Figure 1 shows the results of DPPH and ABTS radical scavenging activity of Houttuynia cordata extract. A linear increment in the DPPH radical scavenging ability was observed with the increase in HCE concentration for both ethanol and DW extracted HCE. In case of DPPH scavenging test, the antioxidant activity of ethanol extracted HCE was calculated between 9.36 and 42.11%, while for DW extracted HCE between 7.92 and 35.32%. A more prominent antioxidant activity of the HCE was observed in case of ABTS scavenging test than in the DPPH test. In ABTS scavenging test, the ethanol extracted HCE displayed an antioxidant activity between 32.07 and 99.99%, while for DW extracted HCE ranges between 29.22 and 77.53%. These findings also indicate more susceptibility of the ABTS scavenging test and the superiority of organic solvent-based extraction over the water-based extraction method. Thus, we used ethanol extracted HCE to prepare HCE/PU nanofibers via electrospinning.

Fig. 1
figure 1

a DPPH and b ABTS radical scavenging activity of HCE

Morphological analysis of the HCE/PU nanofibers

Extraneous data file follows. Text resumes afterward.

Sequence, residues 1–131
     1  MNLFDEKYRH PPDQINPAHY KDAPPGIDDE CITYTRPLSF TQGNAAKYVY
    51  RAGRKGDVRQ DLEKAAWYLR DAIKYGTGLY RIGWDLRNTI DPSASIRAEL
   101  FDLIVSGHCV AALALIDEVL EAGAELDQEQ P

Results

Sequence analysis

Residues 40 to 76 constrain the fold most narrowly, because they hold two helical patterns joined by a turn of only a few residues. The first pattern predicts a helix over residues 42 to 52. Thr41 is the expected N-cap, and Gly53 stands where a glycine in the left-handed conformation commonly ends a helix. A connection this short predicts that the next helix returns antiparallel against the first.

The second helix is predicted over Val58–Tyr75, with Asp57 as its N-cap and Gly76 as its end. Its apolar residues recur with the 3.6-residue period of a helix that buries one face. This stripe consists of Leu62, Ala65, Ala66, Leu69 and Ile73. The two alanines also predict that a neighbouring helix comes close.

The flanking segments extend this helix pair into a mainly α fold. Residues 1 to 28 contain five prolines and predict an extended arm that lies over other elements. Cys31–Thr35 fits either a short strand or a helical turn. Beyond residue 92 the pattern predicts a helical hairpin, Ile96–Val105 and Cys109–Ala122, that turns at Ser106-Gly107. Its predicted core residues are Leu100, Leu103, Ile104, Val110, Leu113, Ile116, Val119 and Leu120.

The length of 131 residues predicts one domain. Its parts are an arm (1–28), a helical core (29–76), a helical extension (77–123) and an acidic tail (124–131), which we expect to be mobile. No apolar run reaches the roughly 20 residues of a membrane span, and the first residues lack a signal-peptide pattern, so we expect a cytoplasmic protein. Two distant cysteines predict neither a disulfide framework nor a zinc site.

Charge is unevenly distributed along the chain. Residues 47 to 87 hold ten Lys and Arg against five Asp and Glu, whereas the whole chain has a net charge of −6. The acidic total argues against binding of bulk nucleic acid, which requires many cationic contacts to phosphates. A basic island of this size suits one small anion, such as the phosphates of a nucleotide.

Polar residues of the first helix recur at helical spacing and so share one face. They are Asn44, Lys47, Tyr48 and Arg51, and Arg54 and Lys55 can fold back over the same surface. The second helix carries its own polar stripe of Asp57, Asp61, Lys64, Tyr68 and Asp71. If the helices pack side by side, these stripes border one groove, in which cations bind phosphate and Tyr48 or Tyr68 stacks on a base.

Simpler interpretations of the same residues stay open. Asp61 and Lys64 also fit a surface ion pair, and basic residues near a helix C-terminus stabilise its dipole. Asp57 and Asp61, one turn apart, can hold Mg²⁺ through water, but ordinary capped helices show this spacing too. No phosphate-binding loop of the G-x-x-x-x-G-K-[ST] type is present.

The morphology of the pristine PU (10 wt%) and HCE/PU nanofibers are depicted in Fig. 2. The pristine PU nanofibers displayed beaded morphology with fibers embedded with large spherical beads. Although the incorporation of HCE reduces the tendency of bead formation, beads were present at varying concentrations of HCE. The morphology of pristine PU (12 wt%) and HCE/PU nanofibers are shown in Fig. 3. Large spherical beads were formed in pristine PU nanofibers. However, the propensity to bead formation in HCE/PU nanofibers was significantly reduced. Very few beads were formed in HCE/PU nanofibers with 0.5 wt% HCE. With a further increment in the addition of HCE concentration to 1.0 and 1.5 wt%, beads disappeared and uniform continuous nanofibers were formed. The formation of beads in nanofibers while electrospinning depends on many different factors, such as polymer type, concentration, viscosity, conductivity, flow rate, relative humidity, etc. Beadless nanofibers at 12wt% PU concentration are formed by earlier published reports (Yang et al., 2010). Also, it was demonstrated that the flow rate is a major fact for beadless fiber formation of PU polymer via electrospinning. The increase in the flow rate of polymer solution causes more quantity of polymer to reach on the tip of needle, therefore effecting accurate Taylor cone formation, thus causing to form beads on the spun nanofibers. More accurately, an increase in the flow rate creates obstacles for stretched polymers/fibers to completely dry before they reach the collector. Therefore, when nanofibers are flowing towards collector soft undried segments stretched more while hard segments stretched less, thus causing formation of beads on the ultimate nanofiber. Thus, we assumed that the incompatibility in the polymer concentration and the flow rate at the set electrospinning parameters might be the reason for the formation of beads in the pristine PU nanofibers. Moreover, in HCE/PU nanofibers, reduced tendency of bead formation can be ascribed to the reduced viscosity of the electrospinning solution by the addition of ethanol extracts of 1.0 and 1.5 wt% HC. The HCE/PU solution might achieve a proper viscous property at the set electrospinning parameters, thereby causing to form uniform nanofibers. The diameter distribution histograms of HCE/PU nanofibers are depicted in Fig. 4. Relatively uniform nanofibers with an average diameter of about 178 nm, between 50 and 450 nm diameter distribution range were produced at 0.5 wt% HCE concentration. At 1.0 wt% concentration of HCE, the average diameter of the nanofibers increased without any changes in the diameter distribution range. At 0.5 and 1.0 wt% concentration of HCE, the inclusion of HCE inside nanofibers might cause such increase in the diameter of the nanofibers. With a further increase in the concentrations of HCE to 1.5 and 2.0 wt%, the diameter distribution range was contracted with a linear decrease in the average diameter of the nanofibers. The increased viscosity of HCE/PU solution at 1.5 and 2.0 wt% of HCE caused increased stretching of the polymer jet, thus resulting a reduction in the average diameter of the nanofibers. Besides, some irregularity was identified in 2.0 wt% HCE-loaded PU nanofibers. The average diameters of the nanofibers with 1.5 and 2.0 wt% HCE concentrations were calculated to be 193 nm and 186 nm with the diameter distribution range between 75 and 360 nm and 50 and 400 nm, respectively. Such findings indicate that bead-free and uniform HCE/PU nanofibers can be formed at 1.0 and 1.5 wt% concentrations of HCE.